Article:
A young man returns home after the mysterious death of his father, only to discover it occupied by a supernatural presence in The Return. Following the sudden death of his father Oswald (Erik Athavale), Rodger Emmerlich (Richard Harmon) travels back to his childhood home, accompanied by his girlfriend Beth (Sara Thompson) and longtime best friend Jordon (Echo Andersson). Roger’s father’s death is the latest tragedy to afflict his family, following the tragic childhood death of his sister Amelia (Zoe Fish) and the mysterious disappearance of his physicist mother Esme (Gwendolyn Collins) six years prior. Roger soon discovers that there is a supernatural presence in the home, which may be tied to all the previous tragedies.
The Return is a supernatural horror film, with a bit of science fiction twist, from director and co-writer Bj Verot. The film stars Richard Harmon (The 100, Continuum) as Rodger Emmerlich, a young man plagued with repressed childhood memories of events that lead to his younger sister’s accidental death. It soon turns out that the current supernatural events are echoing the torment he underwent as a child, leading Rodger to seek out answers from his childhood psychiatrist Dr. Henrietta Cox (Marina Stephenson Kerr).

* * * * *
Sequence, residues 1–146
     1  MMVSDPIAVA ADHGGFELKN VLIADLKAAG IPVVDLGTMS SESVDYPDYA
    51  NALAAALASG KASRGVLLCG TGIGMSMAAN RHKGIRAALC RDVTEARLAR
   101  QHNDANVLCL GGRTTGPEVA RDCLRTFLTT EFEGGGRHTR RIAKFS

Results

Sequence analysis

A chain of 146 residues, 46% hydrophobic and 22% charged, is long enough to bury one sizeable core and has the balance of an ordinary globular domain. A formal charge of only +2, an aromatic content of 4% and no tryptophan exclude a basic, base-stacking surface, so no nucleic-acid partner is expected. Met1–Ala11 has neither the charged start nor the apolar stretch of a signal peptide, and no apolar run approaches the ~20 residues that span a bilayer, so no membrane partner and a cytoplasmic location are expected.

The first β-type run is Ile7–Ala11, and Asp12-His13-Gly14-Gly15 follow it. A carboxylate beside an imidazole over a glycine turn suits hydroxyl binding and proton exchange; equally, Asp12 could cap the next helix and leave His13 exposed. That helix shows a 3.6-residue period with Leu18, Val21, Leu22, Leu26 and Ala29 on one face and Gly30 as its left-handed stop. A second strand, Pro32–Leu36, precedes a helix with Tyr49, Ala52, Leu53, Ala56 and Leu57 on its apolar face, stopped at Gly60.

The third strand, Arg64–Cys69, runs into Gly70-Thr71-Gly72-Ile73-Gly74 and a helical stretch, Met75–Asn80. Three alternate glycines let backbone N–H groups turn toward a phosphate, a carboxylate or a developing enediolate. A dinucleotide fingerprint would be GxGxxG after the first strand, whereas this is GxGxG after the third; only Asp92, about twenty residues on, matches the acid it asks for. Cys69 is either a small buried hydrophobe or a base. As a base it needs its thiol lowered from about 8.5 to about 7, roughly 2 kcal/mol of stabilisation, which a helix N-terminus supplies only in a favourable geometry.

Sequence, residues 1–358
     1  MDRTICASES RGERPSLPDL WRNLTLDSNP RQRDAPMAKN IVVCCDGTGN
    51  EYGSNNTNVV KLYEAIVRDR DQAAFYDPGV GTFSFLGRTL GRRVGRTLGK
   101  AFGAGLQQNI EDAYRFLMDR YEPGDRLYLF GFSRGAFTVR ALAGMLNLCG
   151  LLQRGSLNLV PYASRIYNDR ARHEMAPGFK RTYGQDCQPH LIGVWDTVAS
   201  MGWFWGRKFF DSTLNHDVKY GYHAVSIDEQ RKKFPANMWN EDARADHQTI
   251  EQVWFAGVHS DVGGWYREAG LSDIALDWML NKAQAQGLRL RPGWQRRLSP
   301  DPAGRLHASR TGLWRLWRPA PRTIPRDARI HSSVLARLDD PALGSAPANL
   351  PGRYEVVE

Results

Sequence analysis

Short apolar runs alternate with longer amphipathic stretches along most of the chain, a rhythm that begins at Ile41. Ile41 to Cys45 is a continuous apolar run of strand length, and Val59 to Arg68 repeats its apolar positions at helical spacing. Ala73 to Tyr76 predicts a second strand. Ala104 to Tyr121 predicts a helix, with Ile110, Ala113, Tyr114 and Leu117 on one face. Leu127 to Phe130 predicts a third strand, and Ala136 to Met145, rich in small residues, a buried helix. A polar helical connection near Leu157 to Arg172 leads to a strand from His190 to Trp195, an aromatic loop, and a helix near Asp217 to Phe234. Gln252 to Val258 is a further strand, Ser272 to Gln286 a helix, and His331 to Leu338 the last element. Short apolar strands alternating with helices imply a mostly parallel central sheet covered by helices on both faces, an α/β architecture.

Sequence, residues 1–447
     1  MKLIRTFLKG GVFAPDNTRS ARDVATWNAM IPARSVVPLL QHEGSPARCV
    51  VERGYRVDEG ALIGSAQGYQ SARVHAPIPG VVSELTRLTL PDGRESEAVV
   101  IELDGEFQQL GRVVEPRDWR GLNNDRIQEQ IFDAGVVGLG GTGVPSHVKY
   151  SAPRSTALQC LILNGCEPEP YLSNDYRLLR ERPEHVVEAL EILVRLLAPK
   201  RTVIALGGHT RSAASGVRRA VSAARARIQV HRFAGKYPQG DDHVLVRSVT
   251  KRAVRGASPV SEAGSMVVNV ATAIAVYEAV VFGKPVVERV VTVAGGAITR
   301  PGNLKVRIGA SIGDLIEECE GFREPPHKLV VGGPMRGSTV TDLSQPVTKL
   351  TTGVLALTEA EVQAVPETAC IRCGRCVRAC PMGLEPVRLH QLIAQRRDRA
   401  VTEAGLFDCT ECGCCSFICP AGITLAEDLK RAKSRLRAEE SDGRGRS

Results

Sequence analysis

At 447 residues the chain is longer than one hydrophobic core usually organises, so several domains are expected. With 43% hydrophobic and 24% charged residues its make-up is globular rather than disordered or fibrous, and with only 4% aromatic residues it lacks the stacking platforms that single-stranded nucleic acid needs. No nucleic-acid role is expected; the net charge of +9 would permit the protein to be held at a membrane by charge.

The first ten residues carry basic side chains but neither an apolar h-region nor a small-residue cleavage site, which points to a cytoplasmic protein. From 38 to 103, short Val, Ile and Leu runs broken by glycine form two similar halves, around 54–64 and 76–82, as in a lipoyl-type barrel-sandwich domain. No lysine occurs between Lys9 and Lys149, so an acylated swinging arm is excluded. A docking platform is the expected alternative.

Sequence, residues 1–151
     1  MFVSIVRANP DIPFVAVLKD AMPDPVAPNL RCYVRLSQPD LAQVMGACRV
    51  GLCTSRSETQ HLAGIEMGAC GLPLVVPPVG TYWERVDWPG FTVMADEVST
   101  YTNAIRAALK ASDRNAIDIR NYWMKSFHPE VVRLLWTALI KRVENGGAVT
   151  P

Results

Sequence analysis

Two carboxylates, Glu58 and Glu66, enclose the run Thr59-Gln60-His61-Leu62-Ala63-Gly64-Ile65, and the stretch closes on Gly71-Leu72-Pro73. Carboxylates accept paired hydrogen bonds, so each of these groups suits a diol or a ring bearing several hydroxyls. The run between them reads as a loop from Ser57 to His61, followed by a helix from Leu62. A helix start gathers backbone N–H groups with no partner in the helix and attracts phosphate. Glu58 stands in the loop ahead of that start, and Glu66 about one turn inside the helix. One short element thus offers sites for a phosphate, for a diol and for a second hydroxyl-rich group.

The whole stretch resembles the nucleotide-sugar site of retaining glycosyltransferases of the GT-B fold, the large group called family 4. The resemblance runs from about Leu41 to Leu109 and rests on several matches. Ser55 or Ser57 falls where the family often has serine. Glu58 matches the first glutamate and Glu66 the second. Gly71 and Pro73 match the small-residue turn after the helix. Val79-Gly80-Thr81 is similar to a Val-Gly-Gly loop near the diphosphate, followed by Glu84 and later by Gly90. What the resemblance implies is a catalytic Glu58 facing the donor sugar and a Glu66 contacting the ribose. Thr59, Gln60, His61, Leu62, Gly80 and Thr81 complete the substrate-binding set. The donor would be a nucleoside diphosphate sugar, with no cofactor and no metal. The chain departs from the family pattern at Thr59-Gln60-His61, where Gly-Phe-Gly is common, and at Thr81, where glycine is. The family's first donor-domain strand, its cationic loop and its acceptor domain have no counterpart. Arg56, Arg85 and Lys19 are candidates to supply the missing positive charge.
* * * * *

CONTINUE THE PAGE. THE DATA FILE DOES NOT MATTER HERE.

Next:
The Return is a film that is a bit hard for me to really get into without at least mentioning the science fiction turn the plot makes in the third act. I won’t get too much into specifics about this reveal, but I will say that the script from director Bj Verot and co-writer Ken Janssens is deeply flawed from the start, which includes unscary horror set pieces, a major character who is very suddenly written out, and a whole lot of cheesy one-liners. Overall, while the story of The Return had promise, the film is ultimately victim to its lacklustre script.